A Vancouver woman who survived a sexual assault says new changes recommended to the way police handle sensitive cases don’t go far enough.
Catherine Francioli, one of the initiators of the 2.9 campaign, was responding to recommendations made by the Vancouver Police Board (VPB) on Thursday.
On June 2016, Francioli was on her way home when she was thrown to the ground while a man attempted to sexually assault her. She fought back and called the Vancouver police when the man fled.
In a previous interview with Global News, Francioli said she “received support from the VPD” for the first few weeks, but said she “began to hear silence” the next few months that followed. Eventually she was told her case was closed.
At Thursday’s meeting, the board was reviewing a complaint about how her case was handled.
The VPD apologized during the meeting, Drazen Manojlovic, director of the Planning, Research & Audit Section, said the “lack of communication” was “atypical.”
“I found it to be just incredibly frustrating,” Francioli said. “They kept referring to my case as if it was an anomaly, as if this is a unique circumstance.”
According to a Freedom of Information request by Global News in 2016, data showed that out of the 5,200 reported sexual assaults in Vancouver in a 10-year span, less than three per cent ended in conviction.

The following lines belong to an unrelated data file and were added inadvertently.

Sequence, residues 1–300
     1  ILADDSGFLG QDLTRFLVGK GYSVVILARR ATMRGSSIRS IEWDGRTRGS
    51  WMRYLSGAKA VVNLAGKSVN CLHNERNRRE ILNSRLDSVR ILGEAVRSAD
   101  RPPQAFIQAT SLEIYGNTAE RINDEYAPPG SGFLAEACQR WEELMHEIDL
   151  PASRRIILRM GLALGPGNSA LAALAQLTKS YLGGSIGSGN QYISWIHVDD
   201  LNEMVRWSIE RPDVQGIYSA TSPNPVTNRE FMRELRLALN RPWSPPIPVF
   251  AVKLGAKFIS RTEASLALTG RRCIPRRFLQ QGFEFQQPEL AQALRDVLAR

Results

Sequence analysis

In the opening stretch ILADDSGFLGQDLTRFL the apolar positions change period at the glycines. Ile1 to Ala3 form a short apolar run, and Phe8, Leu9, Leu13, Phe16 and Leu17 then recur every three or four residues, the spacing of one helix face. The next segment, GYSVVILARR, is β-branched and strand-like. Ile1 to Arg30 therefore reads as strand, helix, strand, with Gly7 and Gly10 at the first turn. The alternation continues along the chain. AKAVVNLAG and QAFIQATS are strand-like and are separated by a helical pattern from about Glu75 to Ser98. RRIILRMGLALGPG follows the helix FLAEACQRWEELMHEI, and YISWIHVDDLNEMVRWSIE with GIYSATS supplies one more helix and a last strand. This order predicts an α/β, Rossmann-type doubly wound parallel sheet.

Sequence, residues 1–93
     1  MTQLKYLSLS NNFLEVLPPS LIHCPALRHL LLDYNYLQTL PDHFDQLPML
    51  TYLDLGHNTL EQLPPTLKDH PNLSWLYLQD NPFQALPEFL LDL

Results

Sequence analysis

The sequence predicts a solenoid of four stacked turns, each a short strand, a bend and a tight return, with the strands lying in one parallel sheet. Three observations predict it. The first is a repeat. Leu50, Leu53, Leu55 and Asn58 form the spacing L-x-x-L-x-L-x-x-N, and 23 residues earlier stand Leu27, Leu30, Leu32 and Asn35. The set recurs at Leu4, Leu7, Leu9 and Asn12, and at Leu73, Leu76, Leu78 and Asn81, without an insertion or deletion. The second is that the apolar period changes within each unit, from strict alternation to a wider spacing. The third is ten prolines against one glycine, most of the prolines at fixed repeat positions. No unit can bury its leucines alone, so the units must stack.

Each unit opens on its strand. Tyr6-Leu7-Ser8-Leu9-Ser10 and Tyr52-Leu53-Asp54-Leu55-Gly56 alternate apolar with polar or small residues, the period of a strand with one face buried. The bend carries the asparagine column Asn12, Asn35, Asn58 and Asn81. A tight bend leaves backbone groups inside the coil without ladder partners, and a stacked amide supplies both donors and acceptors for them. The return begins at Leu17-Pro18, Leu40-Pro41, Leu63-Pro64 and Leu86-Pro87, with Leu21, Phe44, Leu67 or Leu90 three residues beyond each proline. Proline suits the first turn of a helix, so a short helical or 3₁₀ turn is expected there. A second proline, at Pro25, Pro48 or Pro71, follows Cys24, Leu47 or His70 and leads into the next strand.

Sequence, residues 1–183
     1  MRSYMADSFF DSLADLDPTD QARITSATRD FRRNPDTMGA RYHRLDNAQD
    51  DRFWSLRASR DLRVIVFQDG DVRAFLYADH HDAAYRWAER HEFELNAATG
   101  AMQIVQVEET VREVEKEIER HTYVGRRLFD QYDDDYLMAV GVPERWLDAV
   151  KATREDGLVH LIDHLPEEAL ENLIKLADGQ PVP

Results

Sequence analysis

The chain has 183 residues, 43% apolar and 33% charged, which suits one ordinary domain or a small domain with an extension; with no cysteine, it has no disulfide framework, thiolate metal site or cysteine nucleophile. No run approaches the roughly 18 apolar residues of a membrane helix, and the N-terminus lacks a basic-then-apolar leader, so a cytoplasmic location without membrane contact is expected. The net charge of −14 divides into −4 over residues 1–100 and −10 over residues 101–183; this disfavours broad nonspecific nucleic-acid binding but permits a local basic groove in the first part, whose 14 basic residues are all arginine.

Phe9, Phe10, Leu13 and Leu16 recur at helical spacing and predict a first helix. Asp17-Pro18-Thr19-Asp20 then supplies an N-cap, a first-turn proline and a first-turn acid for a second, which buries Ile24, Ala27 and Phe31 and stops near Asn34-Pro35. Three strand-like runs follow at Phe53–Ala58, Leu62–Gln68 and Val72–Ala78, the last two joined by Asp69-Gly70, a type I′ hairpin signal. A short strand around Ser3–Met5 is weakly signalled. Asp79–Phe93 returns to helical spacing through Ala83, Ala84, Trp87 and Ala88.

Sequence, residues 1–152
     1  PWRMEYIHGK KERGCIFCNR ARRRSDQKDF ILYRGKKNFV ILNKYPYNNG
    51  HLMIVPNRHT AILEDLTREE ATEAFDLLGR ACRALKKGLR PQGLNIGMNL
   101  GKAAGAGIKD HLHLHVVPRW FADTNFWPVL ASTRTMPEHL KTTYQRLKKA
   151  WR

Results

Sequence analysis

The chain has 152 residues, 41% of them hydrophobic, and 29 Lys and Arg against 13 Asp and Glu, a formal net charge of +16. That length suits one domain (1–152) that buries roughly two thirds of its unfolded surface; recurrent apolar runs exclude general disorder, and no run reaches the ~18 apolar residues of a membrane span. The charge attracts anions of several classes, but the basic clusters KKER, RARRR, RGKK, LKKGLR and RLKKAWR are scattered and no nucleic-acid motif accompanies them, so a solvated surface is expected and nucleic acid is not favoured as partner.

“I started the project because I wanted other women to share their stories as well, and I’ve heard a lot,” she said.
The VPB recommended the following be improved based on her case:
- More timely communication with victims
- Ensure the file is appropriately processed when someone in training is handling the case or returning to their other duties
- Notify the parties involved when the first pieces of evidence is presented early in the investigation
- Create a dialogue with the individuals involved in the case and the Vancouver police
Francioli said there were two recommendations she wanted to see included that were not adopted by the review. She said police need to review the empathy and sensitivity training given to police officers during cases, and review the lack of priority and budget given to the VPD sex crimes unit.
Even though her recommendations weren’t adopted during the meeting, she’s grateful someone called attention to them.
LISTEN: New campaign aims to bring attention to low sexual assault conviction rate in the Vancouver Police Department
- With files from Jill Slattery